Walton Ford, Nila, 1999-2000, watercolor, gouache, ink, and pencil on paper, 144” x 216”, Photo by La Petite Claudine (Flickr) under a Creative Commons Attribution license. Walton Ford, Nila, 1999-2000, watercolor, gouache, ink, and pencil on paper, 144” x 216”, Photo by La Petite Claudine (Flickr) under a Creative Commons Attribution license.

Walton Ford’s Wild Kingdom

Walton Ford’s watercolors are magnificent.  The contemporary artist paints the natural world on an enormous scale.  This watercolor of an elephant, when all twenty-two panels are placed together, is life-size.  The painting is meticulous.  The detail is exacting.  It is a stunning visual experience.

Certainly, Ford’s paintings call to mind John James Audubon’s studies of American birds in their natural habitat, yet Ford does much more than document.  This particular image can be considered a satire of nineteenth century colonialism.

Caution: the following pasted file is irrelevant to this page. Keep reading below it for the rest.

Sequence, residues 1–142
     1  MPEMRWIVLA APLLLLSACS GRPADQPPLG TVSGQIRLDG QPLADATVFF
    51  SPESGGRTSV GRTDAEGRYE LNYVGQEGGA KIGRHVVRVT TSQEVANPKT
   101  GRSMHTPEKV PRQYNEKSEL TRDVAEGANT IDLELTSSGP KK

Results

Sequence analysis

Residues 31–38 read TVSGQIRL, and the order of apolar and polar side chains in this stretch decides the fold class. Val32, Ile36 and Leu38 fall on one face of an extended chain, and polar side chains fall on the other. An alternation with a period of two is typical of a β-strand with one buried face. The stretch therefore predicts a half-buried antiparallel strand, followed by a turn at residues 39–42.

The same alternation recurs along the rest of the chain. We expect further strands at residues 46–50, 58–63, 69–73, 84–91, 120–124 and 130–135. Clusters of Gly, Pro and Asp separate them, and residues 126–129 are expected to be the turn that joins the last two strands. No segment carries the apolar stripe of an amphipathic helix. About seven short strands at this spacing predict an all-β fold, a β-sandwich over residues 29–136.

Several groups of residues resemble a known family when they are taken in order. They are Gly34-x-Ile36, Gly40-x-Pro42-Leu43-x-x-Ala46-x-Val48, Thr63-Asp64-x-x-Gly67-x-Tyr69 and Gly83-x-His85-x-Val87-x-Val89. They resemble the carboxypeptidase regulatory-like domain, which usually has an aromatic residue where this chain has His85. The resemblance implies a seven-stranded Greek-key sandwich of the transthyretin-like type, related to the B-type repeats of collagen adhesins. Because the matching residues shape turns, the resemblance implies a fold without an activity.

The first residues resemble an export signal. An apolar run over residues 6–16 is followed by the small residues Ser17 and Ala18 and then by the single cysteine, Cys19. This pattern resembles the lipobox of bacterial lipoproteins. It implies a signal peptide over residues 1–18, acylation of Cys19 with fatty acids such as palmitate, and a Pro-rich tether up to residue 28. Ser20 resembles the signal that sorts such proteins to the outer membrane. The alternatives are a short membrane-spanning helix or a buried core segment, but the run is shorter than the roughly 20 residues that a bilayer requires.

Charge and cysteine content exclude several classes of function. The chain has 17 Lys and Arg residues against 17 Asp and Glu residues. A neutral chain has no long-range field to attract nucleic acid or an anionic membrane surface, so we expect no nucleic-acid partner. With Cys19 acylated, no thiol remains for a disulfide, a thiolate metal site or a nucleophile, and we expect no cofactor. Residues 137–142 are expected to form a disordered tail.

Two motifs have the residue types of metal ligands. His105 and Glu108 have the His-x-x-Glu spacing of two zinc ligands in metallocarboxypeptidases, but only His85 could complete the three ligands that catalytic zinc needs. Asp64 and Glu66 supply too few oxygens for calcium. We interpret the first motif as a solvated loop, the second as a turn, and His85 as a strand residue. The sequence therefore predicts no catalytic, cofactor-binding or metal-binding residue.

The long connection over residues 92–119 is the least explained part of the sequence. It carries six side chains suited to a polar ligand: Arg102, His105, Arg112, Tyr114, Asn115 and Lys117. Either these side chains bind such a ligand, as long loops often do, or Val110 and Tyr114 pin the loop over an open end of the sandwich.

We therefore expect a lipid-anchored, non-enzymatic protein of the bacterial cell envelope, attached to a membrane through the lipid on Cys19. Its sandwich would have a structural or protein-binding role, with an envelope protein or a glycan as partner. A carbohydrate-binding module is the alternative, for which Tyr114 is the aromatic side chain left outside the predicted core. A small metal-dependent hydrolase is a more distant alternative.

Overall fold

The elephant marches along happily with a large erection.  Birds cover the beast, but they are not the oxpeckers that normally eat the ticks from elephants’ skin; these birds are from the west.  There are starlings, nightingales, and many others.  Two birds mate on the end of the elephant’s penis.  Perhaps the elephant symbolizes India or Africa.  The western birds, of course, are swarming and parasitic.

Walton Ford’s new watercolors are on view at the Paul Kasmin Gallery in New York City from November 3rd through December 23, 2011.

 

 

Other works of art by Walton Ford

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Recommended Reading and Viewing

 

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